As we navigate through the dog-eat-dog world, may we be part of the solution, not the problem.

[i] Searching for Bobby Fischer

  • Production Company: Mirage Enterprises
  • Director: Steven Zaillian
  • Screenwriter: Steven Zaillian (based on the book by Fred Waitzkin)
  • Starring: Joe Mantegna, Ben Kingsley and Max Pomeranc
  • Release date: August 11, 1993

[ii] Bridesmaids

  • Production Company: Universal Pictures, Relativity Media, and Apatow Productions
  • Director: Paul Feig
  • Screenwriter: Kristen Wiig and Annie Mumolo
  • Starring: Kristen Wiig, Maya Rudolph and Rose Byrne
  • Release date: May 13, 2011

[iii] The Fault in Our Stars

  • Production Company: Fox 2000 Pictures, Temple Entertainment, and TSG Entertainment
  • Director: Josh Boone
  • Screenwriter: Scott Neustadler and Michael H. Weber (based on the book by John Green)
  • Starring: Shailene Woodley, Ansel Elgort and Nat Wolf
  • Release date: June 6, 2014

[iv] Seabiscuit

  • Production Company: Universal Pictures, Dreamworks, Spyglass Entertainment
  • Director: Gary Ross
  • Screenwriter: Gary Ross (based on the book by Laura Hillenbrand)
  • Starring: Tobey Maguire, Jeff Bridges, and Elizabeth Banks
  • Release date: July 25, 2003

[v] 13 Reasons Why

  • Production Company: Kicked Off the Curb Productions, Anonymous Content and July Moon Productions
  • Creator: Brian Yorkey (based on the book by Jay Asher)
  • Starring: Dylan Minnette and Katherine Langford
  • Release date: March 31, 2017

Please Choose Life

I have been thinking a lot about suicide lately – not thoughts of ending my own life, but why any young person, with so much of life ahead of them, would ever get to the point where they would choose death over life. (Older people – who actually have the highest rates of suicide – are a different matter. I think at some point, everyone has the right to die – but that’s a topic for another blog.)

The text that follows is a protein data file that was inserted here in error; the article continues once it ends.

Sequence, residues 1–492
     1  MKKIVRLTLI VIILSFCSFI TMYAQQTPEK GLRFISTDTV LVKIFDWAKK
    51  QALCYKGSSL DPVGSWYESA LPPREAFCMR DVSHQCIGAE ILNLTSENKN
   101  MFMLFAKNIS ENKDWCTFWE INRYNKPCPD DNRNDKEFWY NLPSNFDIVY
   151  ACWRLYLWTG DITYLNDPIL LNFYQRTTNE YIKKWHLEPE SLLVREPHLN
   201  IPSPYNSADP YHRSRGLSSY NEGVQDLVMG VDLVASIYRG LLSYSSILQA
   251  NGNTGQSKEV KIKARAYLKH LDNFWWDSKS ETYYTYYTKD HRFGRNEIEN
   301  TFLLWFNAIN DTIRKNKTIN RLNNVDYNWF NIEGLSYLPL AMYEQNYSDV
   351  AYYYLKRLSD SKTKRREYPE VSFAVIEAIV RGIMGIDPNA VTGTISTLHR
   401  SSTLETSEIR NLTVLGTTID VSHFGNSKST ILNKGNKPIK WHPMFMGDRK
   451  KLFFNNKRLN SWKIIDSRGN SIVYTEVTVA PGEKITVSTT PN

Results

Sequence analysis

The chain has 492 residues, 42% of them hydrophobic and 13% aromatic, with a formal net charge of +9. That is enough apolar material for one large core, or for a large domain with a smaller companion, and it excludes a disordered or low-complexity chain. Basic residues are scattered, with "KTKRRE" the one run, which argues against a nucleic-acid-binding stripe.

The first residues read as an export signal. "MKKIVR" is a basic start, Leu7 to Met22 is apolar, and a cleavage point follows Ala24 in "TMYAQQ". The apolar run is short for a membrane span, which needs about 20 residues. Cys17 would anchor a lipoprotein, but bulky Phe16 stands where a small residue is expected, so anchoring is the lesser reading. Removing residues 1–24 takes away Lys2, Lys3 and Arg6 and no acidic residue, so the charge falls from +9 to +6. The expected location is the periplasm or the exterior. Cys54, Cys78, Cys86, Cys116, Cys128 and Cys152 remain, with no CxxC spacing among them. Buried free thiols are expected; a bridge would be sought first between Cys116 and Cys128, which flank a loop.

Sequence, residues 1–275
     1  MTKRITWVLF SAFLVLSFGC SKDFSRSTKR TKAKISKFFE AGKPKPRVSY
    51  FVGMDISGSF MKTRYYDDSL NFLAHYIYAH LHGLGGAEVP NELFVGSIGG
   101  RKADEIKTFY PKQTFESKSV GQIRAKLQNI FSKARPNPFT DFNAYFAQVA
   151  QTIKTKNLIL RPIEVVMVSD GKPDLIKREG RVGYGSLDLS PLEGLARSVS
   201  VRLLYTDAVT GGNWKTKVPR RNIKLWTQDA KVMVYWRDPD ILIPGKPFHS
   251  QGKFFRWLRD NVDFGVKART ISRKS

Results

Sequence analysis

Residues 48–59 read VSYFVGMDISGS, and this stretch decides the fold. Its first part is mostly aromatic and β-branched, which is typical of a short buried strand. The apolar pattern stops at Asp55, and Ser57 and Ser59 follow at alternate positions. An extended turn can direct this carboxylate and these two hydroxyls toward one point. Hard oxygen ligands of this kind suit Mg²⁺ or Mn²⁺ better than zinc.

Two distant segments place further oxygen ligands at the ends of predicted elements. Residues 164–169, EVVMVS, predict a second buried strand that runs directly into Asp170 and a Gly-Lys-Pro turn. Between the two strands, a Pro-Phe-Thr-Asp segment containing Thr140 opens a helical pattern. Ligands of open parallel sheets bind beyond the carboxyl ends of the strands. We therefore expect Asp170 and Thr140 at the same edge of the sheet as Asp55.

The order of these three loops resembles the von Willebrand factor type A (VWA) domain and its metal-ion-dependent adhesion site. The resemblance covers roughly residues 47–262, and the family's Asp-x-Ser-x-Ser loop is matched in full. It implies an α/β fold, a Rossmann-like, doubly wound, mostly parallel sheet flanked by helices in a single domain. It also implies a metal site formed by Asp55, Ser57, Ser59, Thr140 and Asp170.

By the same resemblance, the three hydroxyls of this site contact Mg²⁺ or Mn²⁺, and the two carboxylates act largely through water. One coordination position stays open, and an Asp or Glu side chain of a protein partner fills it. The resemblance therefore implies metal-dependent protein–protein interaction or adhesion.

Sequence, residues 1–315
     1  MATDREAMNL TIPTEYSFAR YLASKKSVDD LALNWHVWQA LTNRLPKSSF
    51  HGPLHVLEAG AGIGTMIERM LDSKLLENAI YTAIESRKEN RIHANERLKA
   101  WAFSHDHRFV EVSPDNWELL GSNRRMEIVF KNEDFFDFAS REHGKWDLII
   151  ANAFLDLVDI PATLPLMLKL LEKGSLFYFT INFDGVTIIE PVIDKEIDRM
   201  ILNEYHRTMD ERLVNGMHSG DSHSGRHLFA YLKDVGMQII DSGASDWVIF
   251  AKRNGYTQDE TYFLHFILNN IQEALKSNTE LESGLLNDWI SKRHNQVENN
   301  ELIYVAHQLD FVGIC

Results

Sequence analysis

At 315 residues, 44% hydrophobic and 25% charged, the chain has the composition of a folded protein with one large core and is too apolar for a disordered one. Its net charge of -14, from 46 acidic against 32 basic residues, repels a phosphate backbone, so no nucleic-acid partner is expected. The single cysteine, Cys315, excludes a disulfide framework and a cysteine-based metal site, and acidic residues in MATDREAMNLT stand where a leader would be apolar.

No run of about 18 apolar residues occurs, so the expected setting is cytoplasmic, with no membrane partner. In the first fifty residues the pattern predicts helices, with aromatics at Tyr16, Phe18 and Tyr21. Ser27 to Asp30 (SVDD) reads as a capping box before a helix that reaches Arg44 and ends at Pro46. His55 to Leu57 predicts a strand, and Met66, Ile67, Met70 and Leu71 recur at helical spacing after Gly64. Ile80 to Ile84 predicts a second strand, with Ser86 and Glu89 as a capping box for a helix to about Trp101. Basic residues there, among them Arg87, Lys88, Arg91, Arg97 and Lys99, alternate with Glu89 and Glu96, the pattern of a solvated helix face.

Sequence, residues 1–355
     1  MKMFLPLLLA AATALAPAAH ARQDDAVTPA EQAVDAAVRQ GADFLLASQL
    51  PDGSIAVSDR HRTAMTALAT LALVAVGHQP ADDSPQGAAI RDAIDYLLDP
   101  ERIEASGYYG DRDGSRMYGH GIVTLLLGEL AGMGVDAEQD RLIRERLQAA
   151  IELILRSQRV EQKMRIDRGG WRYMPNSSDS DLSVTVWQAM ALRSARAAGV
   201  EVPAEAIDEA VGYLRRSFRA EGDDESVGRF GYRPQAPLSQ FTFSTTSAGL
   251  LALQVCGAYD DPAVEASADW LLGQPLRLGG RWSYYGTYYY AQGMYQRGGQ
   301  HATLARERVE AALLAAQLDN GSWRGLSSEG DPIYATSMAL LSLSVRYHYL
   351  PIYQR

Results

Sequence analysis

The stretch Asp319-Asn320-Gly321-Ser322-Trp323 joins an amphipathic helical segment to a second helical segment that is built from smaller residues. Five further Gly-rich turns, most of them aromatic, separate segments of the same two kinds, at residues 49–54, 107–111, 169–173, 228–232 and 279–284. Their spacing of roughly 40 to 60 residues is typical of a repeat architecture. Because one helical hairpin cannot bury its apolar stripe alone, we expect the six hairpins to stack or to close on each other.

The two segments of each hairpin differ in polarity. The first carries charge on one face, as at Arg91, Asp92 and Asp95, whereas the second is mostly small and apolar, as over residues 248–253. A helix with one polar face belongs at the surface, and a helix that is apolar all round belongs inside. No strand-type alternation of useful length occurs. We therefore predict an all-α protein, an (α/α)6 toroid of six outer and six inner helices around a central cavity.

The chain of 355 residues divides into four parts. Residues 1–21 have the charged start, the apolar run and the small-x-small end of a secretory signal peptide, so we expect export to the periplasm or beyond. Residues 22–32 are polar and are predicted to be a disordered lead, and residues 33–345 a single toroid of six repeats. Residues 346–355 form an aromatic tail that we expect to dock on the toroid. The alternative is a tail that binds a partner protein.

In America, someone attempts suicide once every minute, and someone is successful in that attempt once every 17 minutes. Worldwide, about 2,000 people kill themselves every day. Actually, the rates are probably much higher than that, as many deaths are categorized as accidental deaths, but in reality, are probably suicides (only about a third of known suicide victims leave a note). Even with understated statistics, suicide is the eighth leading cause of death in the United States, and outnumbers deaths by homicide. For every two people killed by homicide, three people die from suicide. Surprisingly, the spring months of March, April and May have the highest suicide rates, consistently four to six percent higher than the rest of the year (suicides around Christmas time are actually below average). And not so surprisingly, more suicides occur on Monday than any other day of the week; Saturday has the fewest.

I recently watched The Edge of Seventeen.[i] The opening scene deals with suicide in a somewhat comical way:

But suicide is no laughing matter. It is a complex issue, usually with more than a single reason behind it. I am not a mental health specialist but I think it is safe to say that those who attempt to kill themselves usually feel hopeless, abandoned, ostracized, laughed at, or otherwise like an outsider. Statistics bear this out. Divorced people are three times more likely to take their own life than people who are married. Abuse victims are more likely to try suicide than their peers. LBGT high school students attempt suicide more often than heterosexual teens.

Although it has been almost 40 years since I watched the movie, The Deer Hunter,[ii] I still remember vividly this scene of Russian roulette: